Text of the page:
Better than bakeries! Living and eating in New Orleans for my entire life I was a bit skeptical if I could actually pull off a king cake. I wanted to make mine a tad more traditional so I made the following modifications: 1. NO RAISINS in the filling- I have never (in my 20-something years of eating king cake) seen raisins in one. I did make 1 and 1/2 times the filling too. 2. To first rise the dough I placed a mug of boiled water in the back of the microwave. I then placed my covered bowl of dough in the Micro and shut the door for 2 hours. The dough came out so fluffy. I think this technique played a part in the pillowy softness and tender layers of the finished cake. 3. I opted for a elegant braided look. Instead of just rolling the filling in a spiral I divided each rolled dough sheet into three sections. I then scattered the filling on top and rolled those long pieces into mini-spirals. I was then able to roll each segment out longer and finally braid the three sections together. It looks so nice on a cross-section when sliced too! 4. I placed a ramekin in the center while the cake was rising the second time to prevent the middle of the cake from rising together- I wanted to keep the ring shape of it all. 5. Baked at 350 degrees for 27 minutes- worked perfect for my oven. My general advice would be to bake until the top is evenly golden. 6. I ended up using the entire icing recipe on one of my cakes and I had to thin it with a bit more water than called for.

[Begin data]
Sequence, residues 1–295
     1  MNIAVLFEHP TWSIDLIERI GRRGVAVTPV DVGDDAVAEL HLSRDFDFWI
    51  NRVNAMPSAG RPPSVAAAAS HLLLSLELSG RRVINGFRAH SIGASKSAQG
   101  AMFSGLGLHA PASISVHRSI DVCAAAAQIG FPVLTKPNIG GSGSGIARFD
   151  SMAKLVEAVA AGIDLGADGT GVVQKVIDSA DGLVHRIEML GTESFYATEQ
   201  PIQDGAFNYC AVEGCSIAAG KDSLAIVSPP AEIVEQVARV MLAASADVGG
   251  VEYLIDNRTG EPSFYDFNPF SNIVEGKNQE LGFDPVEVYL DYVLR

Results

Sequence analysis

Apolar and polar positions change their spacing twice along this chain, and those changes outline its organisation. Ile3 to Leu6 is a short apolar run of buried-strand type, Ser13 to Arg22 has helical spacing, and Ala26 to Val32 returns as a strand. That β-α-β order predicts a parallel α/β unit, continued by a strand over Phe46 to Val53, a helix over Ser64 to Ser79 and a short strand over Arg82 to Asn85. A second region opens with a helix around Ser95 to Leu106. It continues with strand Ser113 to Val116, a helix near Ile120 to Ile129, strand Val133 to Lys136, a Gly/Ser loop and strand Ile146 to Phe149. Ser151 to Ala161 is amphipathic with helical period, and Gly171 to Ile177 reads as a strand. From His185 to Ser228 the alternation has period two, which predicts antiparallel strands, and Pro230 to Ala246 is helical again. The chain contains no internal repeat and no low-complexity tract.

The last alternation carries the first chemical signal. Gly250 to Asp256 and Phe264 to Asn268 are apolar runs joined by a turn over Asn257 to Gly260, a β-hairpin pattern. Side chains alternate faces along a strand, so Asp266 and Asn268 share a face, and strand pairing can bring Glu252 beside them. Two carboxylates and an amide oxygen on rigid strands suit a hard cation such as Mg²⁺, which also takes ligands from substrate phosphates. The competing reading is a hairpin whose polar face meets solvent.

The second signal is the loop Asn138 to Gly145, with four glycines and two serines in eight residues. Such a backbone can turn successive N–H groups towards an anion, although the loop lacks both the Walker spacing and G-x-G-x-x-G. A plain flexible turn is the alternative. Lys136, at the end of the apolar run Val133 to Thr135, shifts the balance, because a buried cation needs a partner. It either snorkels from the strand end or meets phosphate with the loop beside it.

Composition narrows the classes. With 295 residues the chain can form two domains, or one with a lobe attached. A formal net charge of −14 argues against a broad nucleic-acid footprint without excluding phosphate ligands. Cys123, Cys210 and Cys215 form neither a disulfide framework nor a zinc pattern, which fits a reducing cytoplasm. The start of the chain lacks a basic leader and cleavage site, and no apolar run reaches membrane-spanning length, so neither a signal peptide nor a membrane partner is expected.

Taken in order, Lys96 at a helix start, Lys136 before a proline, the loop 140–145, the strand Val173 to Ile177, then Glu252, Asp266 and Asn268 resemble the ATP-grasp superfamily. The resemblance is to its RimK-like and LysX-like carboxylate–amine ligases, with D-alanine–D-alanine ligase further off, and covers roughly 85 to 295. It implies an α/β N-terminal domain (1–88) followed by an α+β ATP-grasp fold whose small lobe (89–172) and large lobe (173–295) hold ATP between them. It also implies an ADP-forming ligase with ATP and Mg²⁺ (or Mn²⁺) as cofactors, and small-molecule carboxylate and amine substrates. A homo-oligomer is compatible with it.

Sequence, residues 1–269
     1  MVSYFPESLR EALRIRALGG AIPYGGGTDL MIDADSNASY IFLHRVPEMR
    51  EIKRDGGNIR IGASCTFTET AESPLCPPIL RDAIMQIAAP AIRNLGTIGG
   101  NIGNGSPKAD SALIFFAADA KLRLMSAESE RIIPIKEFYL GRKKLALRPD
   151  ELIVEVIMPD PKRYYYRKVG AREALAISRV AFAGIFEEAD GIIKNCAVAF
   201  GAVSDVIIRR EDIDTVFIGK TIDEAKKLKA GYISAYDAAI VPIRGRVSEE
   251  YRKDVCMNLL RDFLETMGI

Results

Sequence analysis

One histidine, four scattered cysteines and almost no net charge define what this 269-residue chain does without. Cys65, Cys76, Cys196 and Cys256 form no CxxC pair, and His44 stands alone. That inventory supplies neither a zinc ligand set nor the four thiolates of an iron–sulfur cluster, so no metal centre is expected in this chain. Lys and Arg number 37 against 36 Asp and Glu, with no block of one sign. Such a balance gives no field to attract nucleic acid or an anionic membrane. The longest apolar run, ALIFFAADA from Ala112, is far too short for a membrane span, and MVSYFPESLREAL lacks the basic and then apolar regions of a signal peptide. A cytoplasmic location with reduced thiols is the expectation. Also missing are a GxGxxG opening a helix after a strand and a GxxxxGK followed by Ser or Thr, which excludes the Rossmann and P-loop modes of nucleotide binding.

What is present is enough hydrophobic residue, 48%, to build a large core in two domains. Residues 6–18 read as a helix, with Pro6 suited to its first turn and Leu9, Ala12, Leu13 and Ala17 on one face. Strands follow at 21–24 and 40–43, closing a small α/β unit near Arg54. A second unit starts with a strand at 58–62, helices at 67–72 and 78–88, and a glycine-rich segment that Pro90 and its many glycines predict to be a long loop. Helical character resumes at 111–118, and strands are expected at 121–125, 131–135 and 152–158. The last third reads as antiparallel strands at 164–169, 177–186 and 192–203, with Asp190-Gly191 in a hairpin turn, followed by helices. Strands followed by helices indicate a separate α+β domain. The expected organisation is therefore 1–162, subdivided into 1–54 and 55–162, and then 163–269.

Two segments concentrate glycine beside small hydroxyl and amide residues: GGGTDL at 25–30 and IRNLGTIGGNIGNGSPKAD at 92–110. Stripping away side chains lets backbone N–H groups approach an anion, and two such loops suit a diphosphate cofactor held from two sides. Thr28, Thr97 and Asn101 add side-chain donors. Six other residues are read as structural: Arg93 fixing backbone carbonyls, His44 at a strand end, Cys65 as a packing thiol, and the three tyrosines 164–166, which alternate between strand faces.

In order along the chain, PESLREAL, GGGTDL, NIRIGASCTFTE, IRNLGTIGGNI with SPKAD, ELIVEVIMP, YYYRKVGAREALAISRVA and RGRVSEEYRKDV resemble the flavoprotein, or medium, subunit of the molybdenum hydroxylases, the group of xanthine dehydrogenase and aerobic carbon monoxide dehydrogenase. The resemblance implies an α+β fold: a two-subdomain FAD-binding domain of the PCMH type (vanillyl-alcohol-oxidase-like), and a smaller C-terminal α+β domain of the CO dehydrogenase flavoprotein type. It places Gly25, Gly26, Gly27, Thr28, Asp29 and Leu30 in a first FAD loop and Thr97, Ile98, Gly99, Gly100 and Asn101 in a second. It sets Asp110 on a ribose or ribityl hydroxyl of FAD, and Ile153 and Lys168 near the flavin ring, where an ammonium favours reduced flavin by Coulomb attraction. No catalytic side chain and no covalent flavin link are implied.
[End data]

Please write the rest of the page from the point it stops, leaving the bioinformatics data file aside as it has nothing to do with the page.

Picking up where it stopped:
I made this last night for 15 hungry people at our poker night. I used the bread machine method (liquids first, then solids, with the yeast on top) and it worked great. For the filling I left out the raisins, and for the frosting I used milk instead of water in the powdered sugar and just eyeballed it; it was more like 4-5 tbsp milk instead of 2, making the consistency easy to pour over the cake. I made my own purple sugar, about 1/3 c sugar, 3 drops red food coloring, and 3 drops blue. If you do this I suggest mixing the food coloring together before adding it to the sugar, and it takes quite a bit of stirring to break up the colored bits, but it worked great. Tip: pour the colored sugar on RIGHT AFTER
I was on a hunt to find a great King Cake recipe this past Mardi Gras. I made a dozen of these and everyone absolutely LOVED them. It is the easiest recipe (as far as King Cakes go) and the most authentic I found. I had people originally from New Orleans saying it tasted just like home! I shaped mine into a circle without the cuts and slathered the icing and stripes of yellow, purple, and green sugar - I also sat my babies on the top so that there wasn't an accidental choking!
* Percent Daily Values are based on a 2,000 calorie diet.
Mardi Gras King Cake
Serving Size: 1/16 of a recipe
Servings Per Recipe: 16
Amount Per Serving
Calories from Fat: 120